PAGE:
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ABSTRACT: To further our understanding of the functional roles of different motor cortical areas, we made a quantitative comparison of the density of corticospinal projections from primary motor cortex (M1) and supplementary motor area (SMA) to spinal motor nuclei supplying hand and finger muscles in four macaque monkeys. We also compared the action of corticospinal outputs excited by electrical stimulation of these two areas on upper limb motoneurons recorded in three anaesthetized macaques. The hand representations of SMA and M1 were first identified using structural magnetic resonance imaging scans and intracortical microstimulation. In the anatomical study we then made focal injections of wheatgerm agglutinin- horseradish peroxidase into these representations, which were subsequently confirmed by analysis of retrograde cortical labelling. Densitometric analysis showed that corticospinal projections from M1 were denser and occupied a greater proportion of the hand muscle motor nuclei than did projections from SMA. In caudal Th1 the densest projections from M1 occupied 81% of this motoneuronal area, compared with only 6% from SMA. In the electrophysiological study, bipolar intracortical stimulation of the hand representation of M1 and SMA evoked direct (D) and indirect (I) corticospinal volleys. Volleys elicited by M1 stimulation had larger amplitudes and faster conduction velocities than those evoked from the SMA. Intracellular recordings were made from 84 contralateral upper limb motoneurons. M1 and SMA stimulation evoked markedly different responses in tested motoneurons: EPSPs were larger and more common from M1 (88% of motoneurons) than from SMA (48%). Some motoneurons (16/84) showed evidence of excitatory postsynaptic potentials mediated by monosynaptic action of the D-wave evoked from M1; these early effects were not observed from the SMA. In most motoneurons (74/84) EPSPs had segmental latencies indicating that they were due to monosynaptic action of the I-wave. The results are consistent with cortico-motoneuronal (CM) connections originating from both SMA and M1 converging upon single motoneurons, but those from M1 are far more numerous and exert stronger excitatory effects than from the SMA. Thus although they may function in parallel, the two CM projections probably make different contributions to upper limb motor control.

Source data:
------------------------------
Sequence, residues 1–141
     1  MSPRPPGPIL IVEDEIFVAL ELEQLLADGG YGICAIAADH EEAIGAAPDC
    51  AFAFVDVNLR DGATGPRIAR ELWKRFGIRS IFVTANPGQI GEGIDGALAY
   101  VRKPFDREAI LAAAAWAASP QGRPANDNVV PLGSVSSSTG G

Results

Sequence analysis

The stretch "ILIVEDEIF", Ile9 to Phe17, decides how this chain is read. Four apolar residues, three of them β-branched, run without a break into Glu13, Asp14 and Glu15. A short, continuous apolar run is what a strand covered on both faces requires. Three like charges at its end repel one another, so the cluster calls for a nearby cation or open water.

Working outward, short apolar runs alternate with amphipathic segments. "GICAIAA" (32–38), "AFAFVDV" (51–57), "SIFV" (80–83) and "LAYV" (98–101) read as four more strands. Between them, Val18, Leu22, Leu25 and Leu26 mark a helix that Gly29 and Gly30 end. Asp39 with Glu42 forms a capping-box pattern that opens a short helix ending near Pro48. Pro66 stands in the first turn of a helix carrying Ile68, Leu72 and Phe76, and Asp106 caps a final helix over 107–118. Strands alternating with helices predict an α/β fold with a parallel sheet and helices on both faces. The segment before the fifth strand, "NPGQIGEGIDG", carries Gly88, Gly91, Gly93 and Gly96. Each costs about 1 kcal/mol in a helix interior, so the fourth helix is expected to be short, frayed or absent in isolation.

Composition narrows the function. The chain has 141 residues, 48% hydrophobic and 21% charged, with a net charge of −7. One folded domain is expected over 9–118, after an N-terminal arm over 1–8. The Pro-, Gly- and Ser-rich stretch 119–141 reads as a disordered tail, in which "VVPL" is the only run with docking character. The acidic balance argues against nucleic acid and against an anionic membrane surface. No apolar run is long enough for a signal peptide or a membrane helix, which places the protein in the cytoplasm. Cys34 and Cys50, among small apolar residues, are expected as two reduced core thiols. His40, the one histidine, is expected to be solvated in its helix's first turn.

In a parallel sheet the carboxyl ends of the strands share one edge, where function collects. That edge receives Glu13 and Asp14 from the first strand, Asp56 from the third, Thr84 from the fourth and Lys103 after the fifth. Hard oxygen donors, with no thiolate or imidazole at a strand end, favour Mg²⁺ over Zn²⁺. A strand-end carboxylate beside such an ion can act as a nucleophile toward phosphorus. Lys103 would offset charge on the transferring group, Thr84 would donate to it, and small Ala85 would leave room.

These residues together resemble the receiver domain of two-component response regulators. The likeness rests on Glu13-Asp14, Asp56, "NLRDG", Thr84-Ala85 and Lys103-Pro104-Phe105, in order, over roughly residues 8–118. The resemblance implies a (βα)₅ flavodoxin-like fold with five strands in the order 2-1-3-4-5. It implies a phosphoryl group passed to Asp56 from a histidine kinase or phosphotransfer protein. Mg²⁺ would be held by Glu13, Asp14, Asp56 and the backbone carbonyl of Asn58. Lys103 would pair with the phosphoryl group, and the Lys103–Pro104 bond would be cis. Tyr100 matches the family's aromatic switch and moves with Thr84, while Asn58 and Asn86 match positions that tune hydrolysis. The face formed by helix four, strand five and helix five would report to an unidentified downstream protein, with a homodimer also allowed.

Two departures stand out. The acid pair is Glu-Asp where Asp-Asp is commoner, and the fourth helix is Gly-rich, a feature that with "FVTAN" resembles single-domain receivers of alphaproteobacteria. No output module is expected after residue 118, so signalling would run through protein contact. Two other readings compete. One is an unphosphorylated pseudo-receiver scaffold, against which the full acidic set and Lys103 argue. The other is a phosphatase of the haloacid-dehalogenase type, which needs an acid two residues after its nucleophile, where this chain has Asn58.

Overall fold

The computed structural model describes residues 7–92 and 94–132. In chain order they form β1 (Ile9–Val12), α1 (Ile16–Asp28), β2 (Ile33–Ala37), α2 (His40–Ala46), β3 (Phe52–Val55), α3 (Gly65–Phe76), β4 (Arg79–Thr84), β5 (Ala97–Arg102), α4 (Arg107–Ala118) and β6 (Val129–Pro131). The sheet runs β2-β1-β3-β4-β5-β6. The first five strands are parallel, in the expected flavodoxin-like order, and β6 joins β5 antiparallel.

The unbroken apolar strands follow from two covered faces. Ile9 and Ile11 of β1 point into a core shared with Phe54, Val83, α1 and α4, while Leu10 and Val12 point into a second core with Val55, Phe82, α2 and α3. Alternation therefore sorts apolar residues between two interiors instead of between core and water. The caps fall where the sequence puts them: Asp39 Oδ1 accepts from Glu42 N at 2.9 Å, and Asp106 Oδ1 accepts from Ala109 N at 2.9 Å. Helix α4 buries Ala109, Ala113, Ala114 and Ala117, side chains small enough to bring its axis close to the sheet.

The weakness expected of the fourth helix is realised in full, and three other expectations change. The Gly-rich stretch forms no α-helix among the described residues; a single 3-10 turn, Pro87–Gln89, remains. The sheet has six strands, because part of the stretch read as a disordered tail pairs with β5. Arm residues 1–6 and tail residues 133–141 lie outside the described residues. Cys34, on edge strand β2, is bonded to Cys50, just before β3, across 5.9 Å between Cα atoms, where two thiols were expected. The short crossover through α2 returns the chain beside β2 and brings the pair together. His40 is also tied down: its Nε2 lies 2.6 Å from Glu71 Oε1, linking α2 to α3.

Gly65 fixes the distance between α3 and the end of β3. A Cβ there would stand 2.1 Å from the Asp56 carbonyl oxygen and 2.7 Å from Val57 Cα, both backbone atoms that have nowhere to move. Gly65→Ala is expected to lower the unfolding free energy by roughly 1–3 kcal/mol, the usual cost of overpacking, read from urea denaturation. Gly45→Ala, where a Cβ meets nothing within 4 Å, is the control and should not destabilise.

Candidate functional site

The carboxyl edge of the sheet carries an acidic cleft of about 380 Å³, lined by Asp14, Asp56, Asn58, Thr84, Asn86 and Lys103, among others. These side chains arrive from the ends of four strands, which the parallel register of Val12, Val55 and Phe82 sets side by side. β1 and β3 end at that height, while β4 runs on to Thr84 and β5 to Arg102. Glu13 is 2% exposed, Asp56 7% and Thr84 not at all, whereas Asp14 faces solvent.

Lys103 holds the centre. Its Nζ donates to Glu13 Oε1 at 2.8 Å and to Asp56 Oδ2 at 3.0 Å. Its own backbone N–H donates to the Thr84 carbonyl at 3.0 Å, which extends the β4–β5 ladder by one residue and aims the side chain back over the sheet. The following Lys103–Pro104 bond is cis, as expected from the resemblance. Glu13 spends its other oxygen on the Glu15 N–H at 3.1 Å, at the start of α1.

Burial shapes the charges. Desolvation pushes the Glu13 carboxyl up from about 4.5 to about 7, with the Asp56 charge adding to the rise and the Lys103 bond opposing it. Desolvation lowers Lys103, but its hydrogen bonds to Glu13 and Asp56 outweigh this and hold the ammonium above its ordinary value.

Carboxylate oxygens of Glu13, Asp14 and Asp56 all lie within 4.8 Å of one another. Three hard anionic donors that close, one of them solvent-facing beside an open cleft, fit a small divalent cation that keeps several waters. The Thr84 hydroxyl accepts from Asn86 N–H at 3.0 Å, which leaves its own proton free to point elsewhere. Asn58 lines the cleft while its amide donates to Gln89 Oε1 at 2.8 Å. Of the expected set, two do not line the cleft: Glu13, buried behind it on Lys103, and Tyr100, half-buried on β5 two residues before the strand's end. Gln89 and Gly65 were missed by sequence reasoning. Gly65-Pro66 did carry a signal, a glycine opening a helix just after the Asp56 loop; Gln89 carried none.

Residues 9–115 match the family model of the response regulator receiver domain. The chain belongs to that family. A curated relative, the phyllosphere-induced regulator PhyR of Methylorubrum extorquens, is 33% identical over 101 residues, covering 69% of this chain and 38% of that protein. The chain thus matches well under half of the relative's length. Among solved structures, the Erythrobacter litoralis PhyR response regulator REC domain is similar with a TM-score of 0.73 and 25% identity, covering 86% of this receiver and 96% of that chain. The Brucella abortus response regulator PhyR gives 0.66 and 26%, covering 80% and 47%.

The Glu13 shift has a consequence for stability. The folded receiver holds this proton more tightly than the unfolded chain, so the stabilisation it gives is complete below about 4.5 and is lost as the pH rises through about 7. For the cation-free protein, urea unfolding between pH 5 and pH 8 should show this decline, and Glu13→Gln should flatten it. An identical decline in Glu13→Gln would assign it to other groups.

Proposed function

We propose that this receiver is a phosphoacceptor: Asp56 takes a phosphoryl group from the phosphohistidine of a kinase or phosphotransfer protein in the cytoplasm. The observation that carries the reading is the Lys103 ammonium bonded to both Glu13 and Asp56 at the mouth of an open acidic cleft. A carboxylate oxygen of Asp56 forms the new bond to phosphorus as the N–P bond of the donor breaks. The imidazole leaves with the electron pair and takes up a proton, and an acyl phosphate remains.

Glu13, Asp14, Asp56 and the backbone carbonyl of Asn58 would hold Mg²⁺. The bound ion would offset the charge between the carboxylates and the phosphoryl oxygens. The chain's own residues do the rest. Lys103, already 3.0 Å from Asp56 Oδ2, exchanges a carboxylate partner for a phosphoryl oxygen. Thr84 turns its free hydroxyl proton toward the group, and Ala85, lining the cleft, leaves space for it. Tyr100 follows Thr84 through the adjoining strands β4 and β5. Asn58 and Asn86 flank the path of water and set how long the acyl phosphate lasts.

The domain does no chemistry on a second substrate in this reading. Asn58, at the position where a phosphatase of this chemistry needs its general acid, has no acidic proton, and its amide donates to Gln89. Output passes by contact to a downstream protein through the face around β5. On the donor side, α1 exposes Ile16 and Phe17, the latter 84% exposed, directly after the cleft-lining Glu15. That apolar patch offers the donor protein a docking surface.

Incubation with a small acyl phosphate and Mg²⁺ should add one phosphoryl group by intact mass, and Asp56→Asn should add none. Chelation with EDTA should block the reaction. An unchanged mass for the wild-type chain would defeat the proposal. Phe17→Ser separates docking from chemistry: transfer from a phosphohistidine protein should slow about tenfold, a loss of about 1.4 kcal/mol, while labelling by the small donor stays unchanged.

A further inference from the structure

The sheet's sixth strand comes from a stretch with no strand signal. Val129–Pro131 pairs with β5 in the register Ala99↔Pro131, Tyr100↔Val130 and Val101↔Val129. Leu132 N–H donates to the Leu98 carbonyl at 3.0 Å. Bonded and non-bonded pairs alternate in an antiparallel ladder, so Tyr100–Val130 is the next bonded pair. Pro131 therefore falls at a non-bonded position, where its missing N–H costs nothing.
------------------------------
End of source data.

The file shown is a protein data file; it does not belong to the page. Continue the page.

Cerebral Cortex 04/2002; 12(3):281-96. · 8.31 Impact Factor